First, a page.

DEAR INTOLERABLE: Your sister appears to have more wrong with her than her history of epilepsy. You should share this fact with your mother if she is being emotionally abused. If you feel the abuse extends further than that, a place to safely report it would be the Eldercare Locator helpline (800-677-1116). It will then be up to your mother to decide how much exposure to this troubled daughter she is willing to tolerate.

DEAR ABBY: As a first-time mom, I am a late bloomer. My daughter turns 1 in a few weeks. We are thankful to be able to have a first birthday party celebration for her. Quite a few people are coming. After not being able to have a baby shower because of the pandemic, this will be the first gathering having anything to do with my only child.

My question is, do we open gifts at the party? My concern is, it's already a lot for a 1-year-old, and forcing her to open presents with people staring at her seems daunting. Will people get bored watching that?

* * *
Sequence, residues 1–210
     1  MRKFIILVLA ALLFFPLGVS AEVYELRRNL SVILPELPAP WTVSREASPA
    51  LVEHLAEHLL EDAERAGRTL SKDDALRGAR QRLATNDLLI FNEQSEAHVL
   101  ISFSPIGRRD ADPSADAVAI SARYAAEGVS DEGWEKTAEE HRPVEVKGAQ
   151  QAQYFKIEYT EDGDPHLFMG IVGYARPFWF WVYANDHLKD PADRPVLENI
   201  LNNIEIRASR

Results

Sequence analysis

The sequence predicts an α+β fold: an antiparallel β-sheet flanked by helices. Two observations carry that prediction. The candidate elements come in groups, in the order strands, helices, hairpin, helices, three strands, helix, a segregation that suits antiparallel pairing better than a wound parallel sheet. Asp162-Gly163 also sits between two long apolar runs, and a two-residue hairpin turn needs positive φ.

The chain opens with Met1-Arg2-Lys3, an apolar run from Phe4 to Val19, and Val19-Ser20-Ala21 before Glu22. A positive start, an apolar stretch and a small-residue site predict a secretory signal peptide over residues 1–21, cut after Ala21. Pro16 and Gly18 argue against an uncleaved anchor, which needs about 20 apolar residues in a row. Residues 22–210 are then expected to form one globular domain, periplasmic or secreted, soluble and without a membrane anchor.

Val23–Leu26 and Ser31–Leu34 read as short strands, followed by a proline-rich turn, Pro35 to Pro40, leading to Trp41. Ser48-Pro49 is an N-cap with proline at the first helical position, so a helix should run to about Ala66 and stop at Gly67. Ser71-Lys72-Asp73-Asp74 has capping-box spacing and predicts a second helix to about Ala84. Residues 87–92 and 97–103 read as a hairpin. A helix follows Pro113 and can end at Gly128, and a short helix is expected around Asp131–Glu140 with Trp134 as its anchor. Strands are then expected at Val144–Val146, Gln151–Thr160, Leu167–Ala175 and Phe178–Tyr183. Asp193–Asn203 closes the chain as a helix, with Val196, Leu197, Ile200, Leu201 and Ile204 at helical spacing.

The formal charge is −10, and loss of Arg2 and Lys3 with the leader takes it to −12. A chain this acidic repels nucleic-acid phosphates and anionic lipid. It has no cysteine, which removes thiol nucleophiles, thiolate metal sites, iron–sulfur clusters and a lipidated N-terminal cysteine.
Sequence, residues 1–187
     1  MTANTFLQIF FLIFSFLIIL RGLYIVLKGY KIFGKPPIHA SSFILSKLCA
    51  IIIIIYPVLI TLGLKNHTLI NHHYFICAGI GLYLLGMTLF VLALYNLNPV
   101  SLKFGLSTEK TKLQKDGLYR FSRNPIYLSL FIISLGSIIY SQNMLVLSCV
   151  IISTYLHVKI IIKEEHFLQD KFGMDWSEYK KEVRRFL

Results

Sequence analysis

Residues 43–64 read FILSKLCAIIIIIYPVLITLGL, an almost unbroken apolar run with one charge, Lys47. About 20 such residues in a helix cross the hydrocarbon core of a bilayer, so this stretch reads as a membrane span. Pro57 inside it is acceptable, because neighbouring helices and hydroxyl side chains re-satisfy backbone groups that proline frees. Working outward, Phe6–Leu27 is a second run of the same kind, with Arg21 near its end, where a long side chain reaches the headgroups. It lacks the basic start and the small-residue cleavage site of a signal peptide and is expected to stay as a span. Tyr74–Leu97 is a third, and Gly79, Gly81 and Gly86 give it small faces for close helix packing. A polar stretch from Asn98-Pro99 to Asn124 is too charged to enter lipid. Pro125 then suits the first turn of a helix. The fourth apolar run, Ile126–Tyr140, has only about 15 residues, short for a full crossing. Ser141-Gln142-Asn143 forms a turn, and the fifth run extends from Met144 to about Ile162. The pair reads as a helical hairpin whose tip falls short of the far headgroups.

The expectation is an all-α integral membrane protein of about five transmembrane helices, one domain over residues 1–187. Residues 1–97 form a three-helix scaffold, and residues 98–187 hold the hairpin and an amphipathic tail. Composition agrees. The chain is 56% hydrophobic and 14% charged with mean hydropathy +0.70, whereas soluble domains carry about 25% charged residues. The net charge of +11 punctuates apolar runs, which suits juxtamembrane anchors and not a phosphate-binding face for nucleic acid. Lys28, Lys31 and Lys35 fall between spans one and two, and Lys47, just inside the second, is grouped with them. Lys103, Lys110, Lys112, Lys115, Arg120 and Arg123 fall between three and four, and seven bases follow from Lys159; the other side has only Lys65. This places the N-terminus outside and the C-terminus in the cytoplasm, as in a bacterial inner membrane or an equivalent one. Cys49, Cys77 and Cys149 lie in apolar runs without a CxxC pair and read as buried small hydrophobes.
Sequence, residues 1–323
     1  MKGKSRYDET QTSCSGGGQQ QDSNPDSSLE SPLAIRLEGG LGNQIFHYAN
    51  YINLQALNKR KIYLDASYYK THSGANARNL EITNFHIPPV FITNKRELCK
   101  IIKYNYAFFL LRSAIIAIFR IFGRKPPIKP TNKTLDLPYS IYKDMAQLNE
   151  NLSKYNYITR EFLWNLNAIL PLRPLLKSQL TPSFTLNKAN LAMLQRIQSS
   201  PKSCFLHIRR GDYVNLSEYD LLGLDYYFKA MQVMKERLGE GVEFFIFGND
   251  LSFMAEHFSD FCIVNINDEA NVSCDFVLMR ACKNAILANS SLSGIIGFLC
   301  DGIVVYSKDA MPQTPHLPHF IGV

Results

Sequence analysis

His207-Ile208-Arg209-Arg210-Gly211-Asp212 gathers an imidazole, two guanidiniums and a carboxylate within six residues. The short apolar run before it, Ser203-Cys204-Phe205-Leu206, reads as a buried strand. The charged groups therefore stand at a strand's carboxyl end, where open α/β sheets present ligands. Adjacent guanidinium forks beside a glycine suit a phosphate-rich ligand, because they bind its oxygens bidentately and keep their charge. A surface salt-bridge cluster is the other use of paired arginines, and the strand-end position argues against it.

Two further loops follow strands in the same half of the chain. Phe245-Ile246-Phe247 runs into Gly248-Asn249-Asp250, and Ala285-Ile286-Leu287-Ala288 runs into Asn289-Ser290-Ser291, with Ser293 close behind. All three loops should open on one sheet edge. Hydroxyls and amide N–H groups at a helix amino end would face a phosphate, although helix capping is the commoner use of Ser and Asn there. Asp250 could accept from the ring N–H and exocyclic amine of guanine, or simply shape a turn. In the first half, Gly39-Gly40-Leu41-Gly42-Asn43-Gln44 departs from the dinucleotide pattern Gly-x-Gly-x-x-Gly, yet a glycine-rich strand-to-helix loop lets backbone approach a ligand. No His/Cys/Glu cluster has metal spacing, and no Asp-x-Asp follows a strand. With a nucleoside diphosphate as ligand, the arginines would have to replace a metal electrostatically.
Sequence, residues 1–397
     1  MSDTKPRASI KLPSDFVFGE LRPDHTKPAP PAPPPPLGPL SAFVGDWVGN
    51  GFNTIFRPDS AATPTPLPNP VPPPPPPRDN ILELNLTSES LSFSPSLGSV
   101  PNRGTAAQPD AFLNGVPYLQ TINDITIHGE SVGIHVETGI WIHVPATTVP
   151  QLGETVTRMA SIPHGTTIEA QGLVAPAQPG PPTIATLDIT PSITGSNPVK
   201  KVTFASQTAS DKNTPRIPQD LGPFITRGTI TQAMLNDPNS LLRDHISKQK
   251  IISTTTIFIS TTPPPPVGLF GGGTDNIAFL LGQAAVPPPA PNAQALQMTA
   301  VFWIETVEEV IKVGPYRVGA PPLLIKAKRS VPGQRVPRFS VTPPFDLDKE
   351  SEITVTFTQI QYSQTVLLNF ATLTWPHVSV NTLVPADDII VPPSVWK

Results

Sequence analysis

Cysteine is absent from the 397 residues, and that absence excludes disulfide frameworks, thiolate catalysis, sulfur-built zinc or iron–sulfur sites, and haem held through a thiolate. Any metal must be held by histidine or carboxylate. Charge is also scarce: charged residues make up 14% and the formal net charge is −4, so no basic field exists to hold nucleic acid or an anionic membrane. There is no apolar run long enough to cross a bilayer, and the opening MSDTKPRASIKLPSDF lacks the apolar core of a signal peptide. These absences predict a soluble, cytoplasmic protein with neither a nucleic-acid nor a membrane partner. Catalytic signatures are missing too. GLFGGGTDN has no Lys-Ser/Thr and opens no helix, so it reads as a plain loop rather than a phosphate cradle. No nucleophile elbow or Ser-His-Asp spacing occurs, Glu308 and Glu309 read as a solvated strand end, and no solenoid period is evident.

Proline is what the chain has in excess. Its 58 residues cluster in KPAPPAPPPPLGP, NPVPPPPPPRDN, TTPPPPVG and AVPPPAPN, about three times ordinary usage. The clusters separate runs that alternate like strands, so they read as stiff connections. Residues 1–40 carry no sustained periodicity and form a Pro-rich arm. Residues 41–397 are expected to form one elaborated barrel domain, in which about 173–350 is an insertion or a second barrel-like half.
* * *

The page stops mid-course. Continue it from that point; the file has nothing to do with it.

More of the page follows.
The party is in a park with a nice playground, and we will be providing food, games, desserts and other activities. I am an avid thank-you card writer and have thought about taking pictures of her opening her gifts, and sending the gifters the photo with the card the next day. What do you think? -- UNSURE IN CALIFORNIA

DEAR UNSURE: Because you are late to motherhood, discuss this with friends or relatives who are more experienced. Your idea is sweet, but your 1-year-old is too young to open any of her presents. (You might have her try to open one or two, but don't count on it.) She'll likely be far more interested in the birthday cake. If you put it in front of her, don't be surprised if she face-plants into it. Her attention span will be short and she may need a nap to head off a meltdown, so be prepared. Your idea of including a picture of her opening her gifts is a good one, but save it until she is older.

Dear Abby is written by Abigail Van Buren, also known as Jeanne Phillips, and was founded by her mother, Pauline Phillips. Contact Dear Abby at or P.O. Box 69440, Los Angeles, CA 90069.